“I was tired of traveling, being everywhere. I moved to Cambria [in San Luis Obispo County] and decided to start farming and ended up here and found these old vineyards so now I’m a fulltime farmer,” he told us.
That’s a significant life change. “Yeah. For sure. It’s great. I love it. I was just tired of flying. I just saw the pollution from the air travel and I just wanted to do something wonderful and useful, try to focus on regenerative farming. I’m trying to focus on a region and farm and learning how to grow grapes and work vineyards with minimum inputs, low intervention. It’s like permaculture,” he said, referring to an agriculture philosophy from Masanobu Fukuoka, whose writings he has read in addition to books by soil microbiologist Elaine Ingham. The droppings from the sheep, goats and chickens that are moved around the vineyards—and guarded by the dogs—help keep the soil brimming with plant nurturing life. After the Palomino is hand-harvested and macerates on its skins and ferments with indigenous yeast, it gets a little bit of sulfite and is not fined or filtered.
It was also a change in the way he and Moorman had been working. While Moorman was able to stay close to home when his daughter was born, Parr was more of the public face of their joint endeavors. Now that Moorman’s daughter is older, Parr has been able to step back from a lot of that.
Since many of the Palomino vines are more than 100 years old and untouched by chemicals, we wondered whether any lessons could be drawn from their continued survival.
“I think it’s pretty amazing that these vineyards without any human help have lived this long and are healthy. They are super healthy vines. They’re strong vines, not weak by any stretch of the imagination and they have a long way to go. They don’t get any compost, they don’t get anything,” Parr said.
With climate change affecting so many things but especially with what you’re doing now, farming, have these old vines taught you anything about nature?
“One hundred percent, we’ve learned from these wines. They have taught us so much, especially how resilient they are. You just have to believe in the system. They’ve been through severe droughts, they’ve been through not pruning for years and years. They’re resilient and they produce fantastic wines.”
Palomino is best known as the grape of sherry and after it is hand-picked, it is fermented and aged in old French oak barrels and, from Ramiro Ibanez in Sanlucar, Spain, old sherry barrels that are not topped off for six months to allow for the miracle of the flor, a cap of indigenous yeast cells that protects the wine from oxygen. Parr is wild about the 2021 because “we had lots and lots of flors,” he said, "which gives the wine a savory quality, that flor-like aroma. It’s outstanding.” After we had the 2022 at the restaurant and called Parr, he sent us the 2021 and it is indeed a special experience -- cloudy, a bit orange, with the tangy, fleshy acidity of tangerines and kumquats. It did remind us of a very dry sherry. It was a touch edgy with a rusticity that translated as a pure expression. It was delicious and real.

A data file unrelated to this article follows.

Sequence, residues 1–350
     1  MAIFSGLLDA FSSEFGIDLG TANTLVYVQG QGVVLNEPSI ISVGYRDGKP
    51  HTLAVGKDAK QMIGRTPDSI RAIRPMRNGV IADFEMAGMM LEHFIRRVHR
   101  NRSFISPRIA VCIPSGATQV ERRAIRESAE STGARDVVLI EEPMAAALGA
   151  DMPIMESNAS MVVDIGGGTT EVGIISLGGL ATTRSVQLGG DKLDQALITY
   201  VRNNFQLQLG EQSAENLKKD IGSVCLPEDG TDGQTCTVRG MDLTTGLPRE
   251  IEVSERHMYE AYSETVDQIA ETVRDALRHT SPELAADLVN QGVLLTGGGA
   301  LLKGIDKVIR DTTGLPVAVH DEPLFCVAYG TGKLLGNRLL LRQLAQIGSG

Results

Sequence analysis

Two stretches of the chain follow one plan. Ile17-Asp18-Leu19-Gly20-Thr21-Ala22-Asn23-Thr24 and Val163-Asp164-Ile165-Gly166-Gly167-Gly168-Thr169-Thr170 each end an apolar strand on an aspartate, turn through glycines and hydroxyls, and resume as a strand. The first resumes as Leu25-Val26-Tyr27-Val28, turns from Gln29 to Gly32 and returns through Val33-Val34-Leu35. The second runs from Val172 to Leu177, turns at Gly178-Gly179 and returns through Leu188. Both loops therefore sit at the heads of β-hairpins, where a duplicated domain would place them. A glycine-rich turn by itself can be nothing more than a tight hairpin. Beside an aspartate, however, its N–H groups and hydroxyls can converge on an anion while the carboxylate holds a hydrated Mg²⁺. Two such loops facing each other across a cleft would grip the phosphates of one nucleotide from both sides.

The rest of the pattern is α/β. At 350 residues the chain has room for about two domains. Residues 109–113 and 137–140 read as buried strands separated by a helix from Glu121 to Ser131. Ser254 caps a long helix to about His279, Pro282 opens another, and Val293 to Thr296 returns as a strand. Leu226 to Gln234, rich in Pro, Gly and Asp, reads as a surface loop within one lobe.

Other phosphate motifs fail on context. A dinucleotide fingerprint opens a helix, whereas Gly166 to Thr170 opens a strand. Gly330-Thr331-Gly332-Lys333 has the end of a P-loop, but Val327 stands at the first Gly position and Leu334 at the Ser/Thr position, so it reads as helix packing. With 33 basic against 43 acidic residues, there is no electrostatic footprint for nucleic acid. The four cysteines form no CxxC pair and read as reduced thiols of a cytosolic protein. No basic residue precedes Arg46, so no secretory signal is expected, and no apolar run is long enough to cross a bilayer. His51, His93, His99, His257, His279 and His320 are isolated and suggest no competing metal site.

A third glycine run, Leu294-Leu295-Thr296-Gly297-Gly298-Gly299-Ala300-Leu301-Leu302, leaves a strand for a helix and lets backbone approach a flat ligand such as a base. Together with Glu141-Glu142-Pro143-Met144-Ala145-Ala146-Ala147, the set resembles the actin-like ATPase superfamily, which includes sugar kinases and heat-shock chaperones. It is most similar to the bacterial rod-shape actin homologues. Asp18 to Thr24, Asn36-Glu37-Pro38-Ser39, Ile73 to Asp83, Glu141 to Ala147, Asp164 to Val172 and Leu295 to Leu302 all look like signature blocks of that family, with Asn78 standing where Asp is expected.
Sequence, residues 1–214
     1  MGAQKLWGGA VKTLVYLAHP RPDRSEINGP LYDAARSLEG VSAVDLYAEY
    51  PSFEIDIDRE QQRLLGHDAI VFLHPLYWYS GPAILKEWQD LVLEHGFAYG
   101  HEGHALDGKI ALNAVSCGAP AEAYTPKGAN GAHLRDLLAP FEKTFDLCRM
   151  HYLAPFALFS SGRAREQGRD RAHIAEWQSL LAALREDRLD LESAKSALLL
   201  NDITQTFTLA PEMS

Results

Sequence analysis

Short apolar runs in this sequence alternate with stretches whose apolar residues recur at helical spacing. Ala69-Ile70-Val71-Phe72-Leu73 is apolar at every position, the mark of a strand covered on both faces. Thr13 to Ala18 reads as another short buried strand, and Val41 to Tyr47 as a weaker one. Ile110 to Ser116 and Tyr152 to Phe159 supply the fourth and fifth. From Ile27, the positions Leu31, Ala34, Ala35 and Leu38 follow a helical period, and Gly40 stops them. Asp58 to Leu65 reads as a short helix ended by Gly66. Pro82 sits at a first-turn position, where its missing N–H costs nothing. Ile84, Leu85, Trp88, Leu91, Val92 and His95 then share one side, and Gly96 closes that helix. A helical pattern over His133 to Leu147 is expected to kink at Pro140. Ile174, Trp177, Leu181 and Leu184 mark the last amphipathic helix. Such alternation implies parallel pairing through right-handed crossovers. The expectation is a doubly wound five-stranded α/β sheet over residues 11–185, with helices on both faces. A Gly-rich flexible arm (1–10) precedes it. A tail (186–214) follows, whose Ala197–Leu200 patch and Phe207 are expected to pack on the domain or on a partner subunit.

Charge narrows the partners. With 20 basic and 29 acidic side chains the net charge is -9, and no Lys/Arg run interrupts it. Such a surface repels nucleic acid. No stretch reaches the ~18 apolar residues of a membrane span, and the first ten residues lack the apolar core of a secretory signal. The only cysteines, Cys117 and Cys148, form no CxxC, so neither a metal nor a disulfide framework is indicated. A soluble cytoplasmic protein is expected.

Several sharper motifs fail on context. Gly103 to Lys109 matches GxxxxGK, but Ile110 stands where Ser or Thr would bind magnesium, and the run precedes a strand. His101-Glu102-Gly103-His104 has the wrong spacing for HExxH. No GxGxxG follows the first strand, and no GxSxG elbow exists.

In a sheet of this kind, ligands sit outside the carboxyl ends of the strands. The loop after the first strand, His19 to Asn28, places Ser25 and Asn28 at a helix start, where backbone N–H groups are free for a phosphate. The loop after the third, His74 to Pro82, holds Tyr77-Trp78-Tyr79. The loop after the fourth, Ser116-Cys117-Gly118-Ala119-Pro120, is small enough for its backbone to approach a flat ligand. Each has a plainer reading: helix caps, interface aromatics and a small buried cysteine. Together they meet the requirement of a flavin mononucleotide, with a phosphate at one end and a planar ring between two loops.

He made 300 cases of the 2022, which was 95 percent Palomino and 5 percent “unknown” varieties. Unknown? We asked. “Yes. There are a lot of varieties growing together so there are some red grapes in there. That’s why it has the pinkish-orange tint." The 2022 got skin contact and right now, the just-picked 2023 is fresh, he told us. "We’ll see if the flor comes.
“Every year we think of different ways to showcase the grape. This year I’m making a sparkling Palomino. It’ll be released next fall.”
We can’t wait.
Dorothy J. Gaiter and John Brecher conceived and wrote The Wall Street Journal's wine column, "Tastings," from 1998 to 2010. Dorothy and John have been tasting and studying wine since 1973. In 2020, the University of California at Davis added their papers to the Warren Winiarski Wine Writers Collection in its library, which also includes the work of Hugh Johnson and Jancis Robinson. Dottie has had a distinguished career in journalism as a reporter, editor, columnist and editorial writer at The Miami Herald, The New York Times, and at The Journal. John was Page One Editor of The Journal, City Editor of The Miami Herald and a senior editor at Bloomberg News. They are well-known from their books and many television appearances, especially on Martha Stewart's show, and as the creators of the annual, international "Open That Bottle Night" celebration of wine and friendship. The first bottle they shared was André Cold Duck. They have two daughters.